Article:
Blog | July 15, 2013

Move estimated to save $18 million a year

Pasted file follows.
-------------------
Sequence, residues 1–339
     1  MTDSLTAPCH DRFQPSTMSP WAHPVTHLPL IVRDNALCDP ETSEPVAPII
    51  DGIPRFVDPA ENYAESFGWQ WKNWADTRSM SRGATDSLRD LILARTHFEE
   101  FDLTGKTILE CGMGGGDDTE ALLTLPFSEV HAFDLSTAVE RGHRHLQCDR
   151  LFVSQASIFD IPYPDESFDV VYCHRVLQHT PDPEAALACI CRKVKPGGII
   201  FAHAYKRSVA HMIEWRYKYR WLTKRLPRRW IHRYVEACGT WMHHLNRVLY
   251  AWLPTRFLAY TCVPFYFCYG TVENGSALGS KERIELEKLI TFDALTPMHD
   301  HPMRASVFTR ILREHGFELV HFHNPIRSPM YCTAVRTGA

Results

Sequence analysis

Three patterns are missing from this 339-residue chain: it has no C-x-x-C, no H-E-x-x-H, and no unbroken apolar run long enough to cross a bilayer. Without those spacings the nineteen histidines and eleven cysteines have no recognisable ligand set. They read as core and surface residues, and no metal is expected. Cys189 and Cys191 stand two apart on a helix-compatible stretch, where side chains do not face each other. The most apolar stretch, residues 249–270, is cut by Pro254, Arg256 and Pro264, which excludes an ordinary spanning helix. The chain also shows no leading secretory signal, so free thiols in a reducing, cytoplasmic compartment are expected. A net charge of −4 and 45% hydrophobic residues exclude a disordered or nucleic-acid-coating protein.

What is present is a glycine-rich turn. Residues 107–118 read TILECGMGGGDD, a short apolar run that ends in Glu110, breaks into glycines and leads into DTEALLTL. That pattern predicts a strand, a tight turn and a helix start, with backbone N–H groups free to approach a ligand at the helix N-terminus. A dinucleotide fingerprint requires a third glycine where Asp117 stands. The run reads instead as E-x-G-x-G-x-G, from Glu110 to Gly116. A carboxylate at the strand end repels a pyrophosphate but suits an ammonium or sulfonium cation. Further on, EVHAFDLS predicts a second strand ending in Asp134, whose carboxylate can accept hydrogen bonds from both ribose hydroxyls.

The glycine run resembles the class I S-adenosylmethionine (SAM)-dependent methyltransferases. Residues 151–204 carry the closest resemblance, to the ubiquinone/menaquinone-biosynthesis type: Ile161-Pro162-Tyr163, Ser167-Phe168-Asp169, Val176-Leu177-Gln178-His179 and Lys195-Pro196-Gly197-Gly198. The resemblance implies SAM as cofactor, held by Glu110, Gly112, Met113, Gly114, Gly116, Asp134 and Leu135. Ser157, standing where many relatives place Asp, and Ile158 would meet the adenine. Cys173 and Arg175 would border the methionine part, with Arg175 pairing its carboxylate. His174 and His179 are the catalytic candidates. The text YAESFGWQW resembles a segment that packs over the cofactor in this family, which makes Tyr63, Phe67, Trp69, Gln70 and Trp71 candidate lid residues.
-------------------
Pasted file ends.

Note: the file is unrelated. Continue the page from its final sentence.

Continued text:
By Jamie Komarnicki, Calgary HeraldAlberta Health Services administrator Janet Davidson says she believes in the merit of consolidating the province’s numerous home care contracts but the process has to be handled appropriately.Davidson, tasked by Health Minister Fred Horne to review the superboard’s abrupt changes to home-care delivery, told the Herald she expects to complete her recommendations “very shortly.”The authority took public heat over the changes, announced last month, that would replace home care services now delivered by a network of 72 agencies with 13 organizations, in a bid to save about $18 million a year.Last week, with concerns escalating about the system overhaul, Horne ordered Davidson to review the changes. However, he later clarified that Davidson’s examination wasn’t meant to reverse the AHS decision, but to see if the changes would hinder the care of particular patients now served by unique agencies.According to Davidson, groups that lost their contracts with AHS are able to appeal, and the process may lead to some changes.“I think there’s some benefits to consolidation, but it has to be done in a thoughtful way, and you have to make sure that whatever you’re doing is in the best interest of the clients you’re serving,” she added, in an interview last week.AHS says its decision will standardize home care delivery and save money.The changes have drawn fire from seniors advocates and not-for-profit agencies fearing AHS is embracing a private, corporate model that places contracts in the hands of a few big companies — leading to lower staff wages and poor care.Calgary Family Services CEO Sue Mallon said her agency wrestled over whether to fight for its lost contract or to do what it could to smooth the transition to new providers for their vulnerable clients. “At a certain point, we had a big moral decision: do we fight for our turf because we know we’re really highly rated, or do we do everything in our power to make sure the clients and staff have as soft as landing as possible?”The organization’s $8-million contract with AHS for home care provided about half its business.Mallon said a debriefing discussion was scheduled with the superboard to discuss why her agency didn’t get the contract. However, the meeting was interrupted by the massive June floods and hasn’t been rescheduled.“We were left kind of falling through the cracks. We didn’t formally appeal because we didn’t have enough information to do that,” she said.Mallon said most of their work has now been handed to Bayshore Healthcare, an Ontario-based company and one of two organizations AHS has said successfully bid for the contracts.In June, AHS said Bayshore’s deal was worth $136 million, while CBI’s was pegged at up to $235 million.Mallon said Calgary Family Services has done what it can to find new jobs for its 200 home care staff at Bayshore, including distributing the new company’s hiring material.It’s been less than six weeks since she found out her company lost the bid, and with more than half of staff already departed, the changes have been overwhelming, she said.“We’ll be like a ghost town on our floor.”Mallon said she’s now focused on the practical considerations of losing half the agency’s business, including dealing with its downtown lease and improving its other social outreach tools.AHS plans to release information about the providers contracted to deliver home care once Davidson’s review is complete and any appeals are wrapped up.Noel Somerville, chairman of the seniors task force for Public Interest Alberta, is pushing Horne to reverse the consolidation. He said he is disappointed to see Davidson indicate she also believes putting the services in the hands of a few companies makes sense.“I think the action Alberta Health Services took was precipitous,” he said.“They’ve been toying with a lot of people’s lives.”With files from Postmedia [email protected]Read this article at The Calgary Herald.